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In Unlikely Territory, The Brownstone Republican Club Strategizes

Over pizza; conservative commentary and election talk

on Court Street is, in many ways, a throwback to another era. In business for "more than 80 years," according to window paint, Sam's serves unfussy Italian food from a below street level storefront, complete with checkered red and white tableclothes.

Every month, The Brownstone Republican Club meets in the back room at Sam's. The meetings are lively affairs. The group, which formed in 1994 and has 340 members (not all active) according to President Joe Nardiello, talks politics, listens to guest speakers and eats pizza while maintaining the importance of their party -- even in a place like Brooklyn where they are vastly outnumbered and hold few elected positions.

While not a throwback exactly, the Club's members are older residents. At a recent meeting only one person could be considered young. But Nardiello and others are hoping to change that.

Local District Leader Russell Gallo, the guest speaker at the March meeting, is also the President of a new Young Republicans group, based in Bensonhurst. According to Gallo, the young Republicans exist, they just need motivation and direction.

"People in their 30s and younger want to be involved," he said, adding that his group already has 50 members.

Gallo's group is new, but young Republicans in Brooklyn have been organized for some time. The Brooklyn Young Republican Club was founded in 1880.

In a city where Democrats have an overwhelming enrollment advantage, Gallo said his group can help Brooklyn Republicans broaden their base.

"New York City is a one party city," he said. "It's time to turn the tide through action. The first part is with local clubs like this."

Gallo was surprised the club even existed.

"I was shocked to see there was a Republican club on Court Street," he said. "You guys here got great numbers for a Republican club!"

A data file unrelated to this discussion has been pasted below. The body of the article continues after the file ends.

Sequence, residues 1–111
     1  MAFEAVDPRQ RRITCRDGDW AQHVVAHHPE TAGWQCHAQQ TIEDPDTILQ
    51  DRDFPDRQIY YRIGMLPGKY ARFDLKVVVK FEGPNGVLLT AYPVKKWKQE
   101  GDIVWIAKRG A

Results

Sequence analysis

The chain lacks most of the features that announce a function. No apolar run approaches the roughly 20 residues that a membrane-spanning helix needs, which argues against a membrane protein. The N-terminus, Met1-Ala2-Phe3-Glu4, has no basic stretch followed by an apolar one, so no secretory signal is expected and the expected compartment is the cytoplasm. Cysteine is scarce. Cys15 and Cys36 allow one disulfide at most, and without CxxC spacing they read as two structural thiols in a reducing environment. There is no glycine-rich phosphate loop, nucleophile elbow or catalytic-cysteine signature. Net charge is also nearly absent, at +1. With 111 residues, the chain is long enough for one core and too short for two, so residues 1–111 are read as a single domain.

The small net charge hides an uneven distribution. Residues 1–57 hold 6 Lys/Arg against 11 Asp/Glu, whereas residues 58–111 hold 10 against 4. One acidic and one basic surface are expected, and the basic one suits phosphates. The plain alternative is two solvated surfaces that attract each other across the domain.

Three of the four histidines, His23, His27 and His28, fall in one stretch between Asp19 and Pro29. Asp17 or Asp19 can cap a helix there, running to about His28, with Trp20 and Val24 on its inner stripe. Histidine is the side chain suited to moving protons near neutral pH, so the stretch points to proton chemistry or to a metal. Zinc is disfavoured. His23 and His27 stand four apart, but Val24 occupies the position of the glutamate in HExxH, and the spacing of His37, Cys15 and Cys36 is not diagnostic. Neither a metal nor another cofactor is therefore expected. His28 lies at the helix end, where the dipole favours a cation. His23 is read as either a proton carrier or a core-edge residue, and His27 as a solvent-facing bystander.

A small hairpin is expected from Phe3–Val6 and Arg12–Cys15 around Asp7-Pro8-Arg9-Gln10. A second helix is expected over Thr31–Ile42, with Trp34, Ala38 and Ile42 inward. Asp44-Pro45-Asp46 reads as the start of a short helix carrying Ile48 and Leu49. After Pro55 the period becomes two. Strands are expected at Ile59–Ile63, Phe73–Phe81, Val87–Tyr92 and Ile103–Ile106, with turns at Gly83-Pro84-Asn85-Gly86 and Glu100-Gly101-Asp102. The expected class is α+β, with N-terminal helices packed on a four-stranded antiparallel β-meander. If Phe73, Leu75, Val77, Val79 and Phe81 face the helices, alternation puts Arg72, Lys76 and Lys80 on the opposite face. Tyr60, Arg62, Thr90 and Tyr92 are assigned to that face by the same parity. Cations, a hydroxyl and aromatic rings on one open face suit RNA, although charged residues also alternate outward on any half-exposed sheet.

Gallo said the goal of his young Republican club was to collect signatures and get Republicans on ballots all over Brooklyn.

"We're looking ahead," he said. "2010 was great, 2012 will be better."

Brooklyn Republicans, perhaps because they haven't got much to lose, are able, unlike many democrats, to speak their minds freely.

Some members were unhappy that President Obama was on vacation when he declared the offensive against Libya. Others nodded their heads and vocalized approval when Gallo asked why Obama hadn't shown anyone his birth certificate.

"This President has not shown that document, has not shown his college and medical records," said Gallo. "Hypocrisy," he added.

Also discussed: the Wisconsin union supporters.

"The Tea Party extreme and dangerous?" asked Gallo. "These protestors were extreme and dangerous."

The Working Families Party, a New York City-based, labor-backed progressive organization, wasn't spared either.

"The Working Families Party is pretty much a communist front group," said Gallo.

Buddy Scotto, a native of Carroll Gardens and a member of both Republican and Democratic clubs, said the Brownstone Republicans don't have to worry much about offending people.

"The Democratic Club, they're obviously interested in getting people elected," he said. "The Republicans, they know they're not going to get anyone elected."

But those in attendance were inspired by Gallo's enthusiasm. One member said she could get 20 signatures for Republican candidates on her block alone.

District Leader for the 52nd Assembly District Joe Messineo agreed, and said the organization must continue growing.

David Koch April 08, 2011 at 01:59 AM
WFP is a front for the Communist Party? I guess that means the Brownstone Repubs are a front for the Totally -Obsolete-Club!
Bruce April 09, 2011 at 11:37 AM